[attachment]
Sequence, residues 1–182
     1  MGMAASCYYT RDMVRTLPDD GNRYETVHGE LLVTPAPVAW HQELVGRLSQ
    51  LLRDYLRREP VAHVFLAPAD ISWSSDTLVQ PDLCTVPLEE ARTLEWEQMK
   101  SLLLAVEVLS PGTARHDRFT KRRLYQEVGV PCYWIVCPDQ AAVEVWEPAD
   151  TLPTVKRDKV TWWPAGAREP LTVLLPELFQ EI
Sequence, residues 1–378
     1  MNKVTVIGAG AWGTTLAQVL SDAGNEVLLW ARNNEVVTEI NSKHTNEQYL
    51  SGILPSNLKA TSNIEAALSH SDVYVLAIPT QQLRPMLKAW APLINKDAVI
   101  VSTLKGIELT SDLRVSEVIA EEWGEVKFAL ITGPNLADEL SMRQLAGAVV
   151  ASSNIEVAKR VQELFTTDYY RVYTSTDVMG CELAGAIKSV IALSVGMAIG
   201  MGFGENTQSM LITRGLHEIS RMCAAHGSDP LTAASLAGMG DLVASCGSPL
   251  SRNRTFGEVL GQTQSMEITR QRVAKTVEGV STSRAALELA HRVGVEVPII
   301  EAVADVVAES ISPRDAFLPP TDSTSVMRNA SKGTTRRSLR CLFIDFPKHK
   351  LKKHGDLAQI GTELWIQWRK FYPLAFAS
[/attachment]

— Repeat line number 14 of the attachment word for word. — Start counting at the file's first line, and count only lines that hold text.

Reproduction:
   351  LKKHGDLAQI GTELWIQWRK FYPLAFAS